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  23. What is the environment in environmental health research? Perspectives from the ethics of science.David M. Frank - 2021 - Studies in History and Philosophy of Science Part A 88 (C):172-180.
    Environmental health research produces scientific knowledge about environmental hazards crucial for public health and environmental justice movements that seek to prevent or reduce exposure to these hazards. The environment in environmental health research is conceptualized as the range of possible social, biological, chemical, and/or physical hazards or risks to human health, some of which merit study due to factors such as their probability and severity, the feasibility of their remediation, and injustice in their distribution. This paper explores the ethics of (...)
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  24. Sullying Sights.Ryan P. Doran - 2022 - Philosophical Psychology 35 (2):177-204.
    In this article, an account of the architecture of the cognitive contamination system is offered, according to which the contamination system can generate contamination represen- tations in circumstances that do not satisfy the norms of contamination, including in cases of mere visual contact with disgusting objects. It is argued that this architecture is important for explaining the content, logic, distribution, and persistence of maternal impression beliefs – according to which fetal defects are caused by the pregnant mother’s experiences and actions (...)
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  25. From Obesity to Energy Metabolism: Ontological Perspectives on the Metrics of Human Bodies.Davide Serpico & Andrea Borghini - 2020 - Topoi 40 (3):577-586.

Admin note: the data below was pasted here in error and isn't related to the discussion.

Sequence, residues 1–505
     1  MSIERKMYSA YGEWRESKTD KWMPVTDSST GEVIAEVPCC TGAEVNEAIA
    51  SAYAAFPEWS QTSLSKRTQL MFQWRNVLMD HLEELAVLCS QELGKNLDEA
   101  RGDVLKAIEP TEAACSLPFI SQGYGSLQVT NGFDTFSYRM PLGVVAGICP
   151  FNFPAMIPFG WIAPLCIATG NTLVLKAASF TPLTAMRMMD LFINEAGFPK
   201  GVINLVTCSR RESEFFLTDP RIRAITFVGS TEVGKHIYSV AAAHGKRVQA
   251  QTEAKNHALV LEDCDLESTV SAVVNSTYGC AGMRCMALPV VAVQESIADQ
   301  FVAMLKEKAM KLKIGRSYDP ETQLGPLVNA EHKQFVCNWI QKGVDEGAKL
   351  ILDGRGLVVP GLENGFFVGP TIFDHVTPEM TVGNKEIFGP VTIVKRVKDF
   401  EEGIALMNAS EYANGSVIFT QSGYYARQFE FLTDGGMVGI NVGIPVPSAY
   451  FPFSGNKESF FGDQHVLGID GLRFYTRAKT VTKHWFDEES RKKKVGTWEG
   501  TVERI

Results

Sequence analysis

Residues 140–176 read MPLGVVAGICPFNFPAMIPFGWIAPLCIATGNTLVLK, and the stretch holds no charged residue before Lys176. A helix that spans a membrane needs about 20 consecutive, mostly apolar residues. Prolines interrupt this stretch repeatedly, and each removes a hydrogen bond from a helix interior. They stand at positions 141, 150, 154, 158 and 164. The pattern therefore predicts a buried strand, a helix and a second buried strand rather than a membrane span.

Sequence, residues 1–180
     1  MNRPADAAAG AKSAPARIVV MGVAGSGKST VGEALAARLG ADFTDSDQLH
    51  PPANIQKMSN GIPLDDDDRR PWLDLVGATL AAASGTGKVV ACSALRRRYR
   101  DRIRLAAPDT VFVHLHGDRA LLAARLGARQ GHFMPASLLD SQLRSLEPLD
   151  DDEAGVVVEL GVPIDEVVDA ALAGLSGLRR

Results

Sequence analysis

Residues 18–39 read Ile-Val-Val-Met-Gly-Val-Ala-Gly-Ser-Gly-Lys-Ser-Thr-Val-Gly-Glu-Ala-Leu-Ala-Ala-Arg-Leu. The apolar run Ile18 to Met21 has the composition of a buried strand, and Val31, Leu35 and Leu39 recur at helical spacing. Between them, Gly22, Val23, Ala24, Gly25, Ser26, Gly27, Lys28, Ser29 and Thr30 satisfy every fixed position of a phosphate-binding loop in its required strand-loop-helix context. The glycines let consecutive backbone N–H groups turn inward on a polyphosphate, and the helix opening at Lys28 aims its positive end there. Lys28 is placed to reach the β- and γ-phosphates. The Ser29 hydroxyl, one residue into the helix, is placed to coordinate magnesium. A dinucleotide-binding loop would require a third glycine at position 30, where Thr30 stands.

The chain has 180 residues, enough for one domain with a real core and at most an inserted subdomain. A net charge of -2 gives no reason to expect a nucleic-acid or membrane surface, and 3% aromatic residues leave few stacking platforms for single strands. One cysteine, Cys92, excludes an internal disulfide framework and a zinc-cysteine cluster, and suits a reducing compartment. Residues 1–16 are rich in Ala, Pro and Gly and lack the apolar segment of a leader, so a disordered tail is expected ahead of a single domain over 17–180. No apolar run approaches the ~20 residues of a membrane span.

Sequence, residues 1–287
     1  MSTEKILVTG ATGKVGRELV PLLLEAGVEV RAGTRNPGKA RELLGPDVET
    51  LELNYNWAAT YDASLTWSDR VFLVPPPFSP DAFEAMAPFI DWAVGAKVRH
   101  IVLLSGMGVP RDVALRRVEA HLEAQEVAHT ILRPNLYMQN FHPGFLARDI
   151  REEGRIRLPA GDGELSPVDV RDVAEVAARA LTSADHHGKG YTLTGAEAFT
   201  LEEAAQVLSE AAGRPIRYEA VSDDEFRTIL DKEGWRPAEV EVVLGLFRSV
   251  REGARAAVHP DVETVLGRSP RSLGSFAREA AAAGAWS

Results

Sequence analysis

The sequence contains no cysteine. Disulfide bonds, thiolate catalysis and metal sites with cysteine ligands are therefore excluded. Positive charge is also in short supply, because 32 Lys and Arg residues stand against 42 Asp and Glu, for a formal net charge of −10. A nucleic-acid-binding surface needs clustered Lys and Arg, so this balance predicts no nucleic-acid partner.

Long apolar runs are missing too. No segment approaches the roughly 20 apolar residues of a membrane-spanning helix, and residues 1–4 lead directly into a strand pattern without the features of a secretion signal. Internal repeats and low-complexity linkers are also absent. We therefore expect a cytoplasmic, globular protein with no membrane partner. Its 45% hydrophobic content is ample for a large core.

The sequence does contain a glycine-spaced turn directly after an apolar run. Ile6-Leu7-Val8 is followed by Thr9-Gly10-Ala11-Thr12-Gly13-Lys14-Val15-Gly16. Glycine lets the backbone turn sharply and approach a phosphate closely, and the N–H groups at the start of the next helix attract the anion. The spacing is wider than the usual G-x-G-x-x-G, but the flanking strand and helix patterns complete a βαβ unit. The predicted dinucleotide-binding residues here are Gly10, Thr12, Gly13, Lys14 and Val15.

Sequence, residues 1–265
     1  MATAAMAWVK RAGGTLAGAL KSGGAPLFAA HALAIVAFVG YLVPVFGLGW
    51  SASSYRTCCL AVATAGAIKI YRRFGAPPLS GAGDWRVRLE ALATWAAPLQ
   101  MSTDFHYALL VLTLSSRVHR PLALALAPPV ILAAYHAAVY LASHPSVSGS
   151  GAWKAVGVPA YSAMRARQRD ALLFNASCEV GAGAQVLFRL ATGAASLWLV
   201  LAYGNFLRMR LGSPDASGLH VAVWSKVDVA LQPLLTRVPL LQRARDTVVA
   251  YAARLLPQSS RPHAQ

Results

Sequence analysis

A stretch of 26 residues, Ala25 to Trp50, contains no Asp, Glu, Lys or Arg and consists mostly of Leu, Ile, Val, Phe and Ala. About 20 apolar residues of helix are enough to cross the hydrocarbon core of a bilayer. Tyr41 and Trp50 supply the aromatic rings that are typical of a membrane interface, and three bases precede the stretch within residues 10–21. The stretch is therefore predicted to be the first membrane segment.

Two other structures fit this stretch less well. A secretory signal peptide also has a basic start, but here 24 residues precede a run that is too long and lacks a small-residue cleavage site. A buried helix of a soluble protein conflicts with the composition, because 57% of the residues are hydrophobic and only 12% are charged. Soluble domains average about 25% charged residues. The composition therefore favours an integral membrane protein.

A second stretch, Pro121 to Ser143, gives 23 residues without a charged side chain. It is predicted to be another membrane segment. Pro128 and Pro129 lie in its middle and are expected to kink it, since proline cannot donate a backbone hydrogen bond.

In this paper, we aim at rethinking the concept of obesity in a way that better captures the connection between underlying medical aspects, on the one hand, and an individual’s developmental history, on the other. Our proposal rests on the idea that obesity is not to be understood as a phenotypic trait or character; rather, obesity represents one of the many possible states of a more complex phenotypic trait that we call ‘energy metabolism.’ We argue that this apparently simple conceptual (...)
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  26. There is Cause to Randomize.Cristian Larroulet Philippi - 2022 - Philosophy of Science 89 (1):152 - 170.
    While practitioners think highly of randomized studies, some philosophers argue that there is no epistemic reason to randomize. Here I show that their arguments do not entail their conclusion. Moreover, I provide novel reasons for randomizing in the context of interventional studies. The overall discussion provides a unified framework for assessing baseline balance, one that holds for interventional and observational studies alike. The upshot: practitioners’ strong preference for randomized studies can be defended in some cases, while still offering a nuanced (...)
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  27. Meaning and Affect in the Placebo Effect.Daniele Chiffi, Ahti-Veikko Pietarinen & Alessandro Grecucci - 2021 - Journal of Medicine and Philosophy 46 (3):313-329.
    This article presents and defends an integrated view of the placebo effect, termed “affective-meaning-making” model, which draws from theoretical reflection, clinical outcomes, and neurophysiological findings. We consider the theoretical limitations of those proposals associated with the “meaning view” on the placebo effect which leave the general aspects of meaning unspecified, fail to analyze fully the role of emotions and affect, and establish no clear connection between the theoretical, physiological, and psychological aspects of the effect. We point out that a promising (...)